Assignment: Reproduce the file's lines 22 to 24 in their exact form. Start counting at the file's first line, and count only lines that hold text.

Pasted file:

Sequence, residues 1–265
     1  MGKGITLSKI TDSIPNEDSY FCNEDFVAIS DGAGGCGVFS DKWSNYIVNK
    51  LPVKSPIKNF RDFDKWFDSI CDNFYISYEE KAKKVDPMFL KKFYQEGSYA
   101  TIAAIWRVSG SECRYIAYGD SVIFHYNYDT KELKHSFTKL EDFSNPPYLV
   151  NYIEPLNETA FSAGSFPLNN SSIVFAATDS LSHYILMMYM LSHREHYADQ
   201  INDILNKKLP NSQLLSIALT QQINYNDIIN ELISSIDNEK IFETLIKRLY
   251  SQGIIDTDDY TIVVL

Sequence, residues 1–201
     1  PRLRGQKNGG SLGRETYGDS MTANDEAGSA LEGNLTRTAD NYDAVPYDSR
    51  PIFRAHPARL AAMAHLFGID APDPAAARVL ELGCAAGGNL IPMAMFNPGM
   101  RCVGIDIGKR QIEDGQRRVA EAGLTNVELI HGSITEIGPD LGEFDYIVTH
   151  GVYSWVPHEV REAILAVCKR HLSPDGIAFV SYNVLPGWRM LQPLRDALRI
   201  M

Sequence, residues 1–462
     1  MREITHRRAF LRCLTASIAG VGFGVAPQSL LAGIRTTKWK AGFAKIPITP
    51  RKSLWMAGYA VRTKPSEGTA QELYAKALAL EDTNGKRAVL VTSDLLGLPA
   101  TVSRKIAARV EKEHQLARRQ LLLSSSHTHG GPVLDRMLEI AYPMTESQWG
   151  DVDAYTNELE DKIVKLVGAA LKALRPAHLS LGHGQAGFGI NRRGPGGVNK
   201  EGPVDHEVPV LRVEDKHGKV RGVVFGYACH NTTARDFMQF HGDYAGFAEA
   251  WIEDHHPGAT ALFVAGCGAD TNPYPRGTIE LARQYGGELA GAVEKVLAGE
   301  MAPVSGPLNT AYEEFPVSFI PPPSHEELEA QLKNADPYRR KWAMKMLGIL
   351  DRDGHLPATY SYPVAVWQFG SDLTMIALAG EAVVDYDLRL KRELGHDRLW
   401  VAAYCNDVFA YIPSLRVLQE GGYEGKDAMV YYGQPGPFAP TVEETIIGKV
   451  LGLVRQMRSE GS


   351  DRDGHLPATY SYPVAVWQFG SDLTMIALAG EAVVDYDLRL KRELGHDRLW
   401  VAAYCNDVFA YIPSLRVLQE GGYEGKDAMV YYGQPGPFAP TVEETIIGKV
   451  LGLVRQMRSE GS